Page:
Owning and operating a private new car is costing the average American $3.5 million.
What a headline.
Can I back it up?
First, I want to quickly note that nothing exists in a vacuum.
While the math on averages will prove out the headline, not everyone is spending the same amount of money on a car. Some spend less. And some spend more.
Furthermore, there are some situations where private car ownership is a necessity. Of course, I would argue that these situations are often present due to poor planning on the part of oneself, but that’s another discussion for another time.
In addition, the ownership or non-ownership of a car could cause some changes in other aspects of one’s lifestyle and spending.
If, for example, forgoing a car causes a rise in how much one spends on rent (so that they can live in a walkable urban environment with good public transit), the overall savings of not owning a car might not be as high as I’m stating here. (On the flip side, urban areas tend to have higher-paying jobs.)
Also, there’s the possibility that ownership of a car results in extra income opportunities of some kind (like access to a particular job that’s located away from public transit).
No matter how you slice it, however, it’s insane. The amount of money the average American is lighting on fire so that they can own and operate their own car is unreal. Instead of setting up a lifestyle to thrive without a car, they cram a car into a lifestyle without much premeditated thought.
But I’m not biased. Unless you were to say I’m biased toward common sense.
I simply recognized how financially crazy it was for me to own a car. I admitted that I was making a poor choice. Then I corrected my prior irrationality by getting rid of my car.
I’d go so far as to say that becoming car-free (but not carless) is one of the best financial decisions I’ve ever made.
It’s greatly aided me as I’ve gone about building my FIRE Fund, which is my real-money early retirement dividend growth stock portfolio that affords me financial independence.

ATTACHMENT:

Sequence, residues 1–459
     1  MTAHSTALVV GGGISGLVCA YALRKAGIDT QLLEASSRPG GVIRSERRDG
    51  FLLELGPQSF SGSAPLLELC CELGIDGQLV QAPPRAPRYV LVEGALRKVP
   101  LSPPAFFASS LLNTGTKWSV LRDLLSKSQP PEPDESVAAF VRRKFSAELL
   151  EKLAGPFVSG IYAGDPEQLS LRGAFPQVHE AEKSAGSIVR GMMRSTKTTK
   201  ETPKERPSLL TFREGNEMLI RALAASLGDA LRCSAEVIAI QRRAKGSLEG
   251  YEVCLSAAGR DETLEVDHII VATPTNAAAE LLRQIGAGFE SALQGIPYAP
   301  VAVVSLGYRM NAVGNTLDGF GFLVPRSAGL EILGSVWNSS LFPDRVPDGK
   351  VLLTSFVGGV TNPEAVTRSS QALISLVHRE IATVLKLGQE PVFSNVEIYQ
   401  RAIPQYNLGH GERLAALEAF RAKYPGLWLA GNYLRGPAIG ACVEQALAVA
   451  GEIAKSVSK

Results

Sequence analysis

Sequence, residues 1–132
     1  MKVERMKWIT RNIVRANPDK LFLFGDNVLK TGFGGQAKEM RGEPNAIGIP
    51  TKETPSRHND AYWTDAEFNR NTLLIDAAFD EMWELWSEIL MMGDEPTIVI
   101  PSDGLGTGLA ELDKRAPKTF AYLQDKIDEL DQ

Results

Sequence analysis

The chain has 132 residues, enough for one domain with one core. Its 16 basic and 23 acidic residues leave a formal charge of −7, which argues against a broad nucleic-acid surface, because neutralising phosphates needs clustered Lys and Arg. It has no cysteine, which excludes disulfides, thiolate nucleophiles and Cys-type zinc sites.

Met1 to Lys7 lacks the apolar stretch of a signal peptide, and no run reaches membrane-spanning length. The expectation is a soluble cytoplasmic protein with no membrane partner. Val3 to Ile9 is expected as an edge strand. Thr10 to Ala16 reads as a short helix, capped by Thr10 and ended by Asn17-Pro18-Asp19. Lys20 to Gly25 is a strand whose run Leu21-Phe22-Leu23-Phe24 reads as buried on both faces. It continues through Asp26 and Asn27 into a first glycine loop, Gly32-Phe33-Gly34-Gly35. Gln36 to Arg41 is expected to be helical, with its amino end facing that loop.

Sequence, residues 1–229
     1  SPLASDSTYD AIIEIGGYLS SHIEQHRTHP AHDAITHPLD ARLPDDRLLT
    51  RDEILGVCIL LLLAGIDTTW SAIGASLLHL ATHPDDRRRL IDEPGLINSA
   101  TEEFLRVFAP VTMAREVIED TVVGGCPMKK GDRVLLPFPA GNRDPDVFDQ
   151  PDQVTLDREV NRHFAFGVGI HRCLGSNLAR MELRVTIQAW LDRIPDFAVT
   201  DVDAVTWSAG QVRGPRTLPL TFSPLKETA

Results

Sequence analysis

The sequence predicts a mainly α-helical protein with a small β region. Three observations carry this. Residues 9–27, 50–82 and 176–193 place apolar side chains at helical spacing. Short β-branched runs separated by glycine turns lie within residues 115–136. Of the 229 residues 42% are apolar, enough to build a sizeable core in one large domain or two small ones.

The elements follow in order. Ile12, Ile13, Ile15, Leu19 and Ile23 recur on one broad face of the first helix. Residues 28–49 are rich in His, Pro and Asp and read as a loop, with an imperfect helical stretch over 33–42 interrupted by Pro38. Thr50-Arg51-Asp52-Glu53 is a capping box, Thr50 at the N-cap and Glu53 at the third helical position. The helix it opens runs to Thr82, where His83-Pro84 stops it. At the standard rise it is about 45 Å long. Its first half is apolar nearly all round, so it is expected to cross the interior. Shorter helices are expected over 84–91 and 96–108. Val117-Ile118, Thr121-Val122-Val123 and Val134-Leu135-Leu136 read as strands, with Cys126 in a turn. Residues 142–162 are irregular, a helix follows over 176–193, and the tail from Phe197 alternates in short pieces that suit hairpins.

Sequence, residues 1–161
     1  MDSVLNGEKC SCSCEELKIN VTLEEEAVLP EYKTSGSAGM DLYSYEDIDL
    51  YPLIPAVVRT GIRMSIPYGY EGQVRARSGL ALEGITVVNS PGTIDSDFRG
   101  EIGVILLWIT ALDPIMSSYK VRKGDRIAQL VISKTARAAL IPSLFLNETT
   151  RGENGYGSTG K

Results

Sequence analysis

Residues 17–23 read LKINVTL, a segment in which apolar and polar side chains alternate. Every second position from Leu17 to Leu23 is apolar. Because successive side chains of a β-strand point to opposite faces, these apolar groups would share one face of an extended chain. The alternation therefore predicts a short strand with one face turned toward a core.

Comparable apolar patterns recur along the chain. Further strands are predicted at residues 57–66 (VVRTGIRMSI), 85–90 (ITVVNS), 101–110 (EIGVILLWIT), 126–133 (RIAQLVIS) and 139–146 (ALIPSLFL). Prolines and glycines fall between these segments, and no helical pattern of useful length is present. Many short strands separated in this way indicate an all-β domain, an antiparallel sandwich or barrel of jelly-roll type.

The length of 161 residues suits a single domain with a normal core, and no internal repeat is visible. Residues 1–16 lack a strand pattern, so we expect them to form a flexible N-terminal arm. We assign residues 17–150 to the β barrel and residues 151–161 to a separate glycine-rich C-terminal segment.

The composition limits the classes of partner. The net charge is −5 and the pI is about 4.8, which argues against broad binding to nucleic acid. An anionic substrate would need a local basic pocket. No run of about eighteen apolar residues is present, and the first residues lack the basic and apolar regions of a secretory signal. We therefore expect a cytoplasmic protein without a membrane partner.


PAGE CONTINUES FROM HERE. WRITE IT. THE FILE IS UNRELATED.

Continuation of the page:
My decision to give up the car continues to pay dividends, literally and figuratively.
Being car-free is one of the biggest and best life hacks out there.
It can’t be overstated.
After all, we’re talking about $3.5 million here.
Average Annual Costs Of Car Ownership
So let’s break this down with old-fashioned math. There’s no hyperbole needed to make the point.
In order to figure out exactly what a car is truly costing you, we first need to figure out how much money the average American spends per year to own and operate a car.
Again, this is just an average. You may spend less. You may very well spend more.
But I think it’s a pretty good baseline to work with. I worked in the auto industry for years. My career was spent in car dealerships, which gave me a lot of firsthand experience regarding the costs of car ownership. And I’d say almost every customer I ever came into contact with was actually spending more than this.
Per AAA, the average annual cost of new car ownership for an American is $8,849 per year.
That’s $737 per month.
That’s the conclusion of a study that examined the 45 top-selling 2018 model-year vehicles. And that number is using the average of all types of vehicles.
Keep in mind, that’s just one average car per average American. If you own two cars in your household, you could easily eclipse this at the household level. Or maybe you’re doing great on the individual level, but two cars easily add up to, or exceed, this number in total.
Honestly, I don’t think it’s difficult to get to ~$740 per month. After adding up depreciation, interest, maintenance, gas, insurance, taxes, and fees, it’s not a terribly high hurdle.
Of course, the biggest expense of all is the one that’s missing from this conversation.
This is the cost that really bites you.
Using Public Transportation Instead
We know what the average American is spending to own and operate an average new car.
I’m now going to use that information to illustrate how much this is truly costing them.
Let’s assume this average American forgoes ownership of a new car – or any car at all.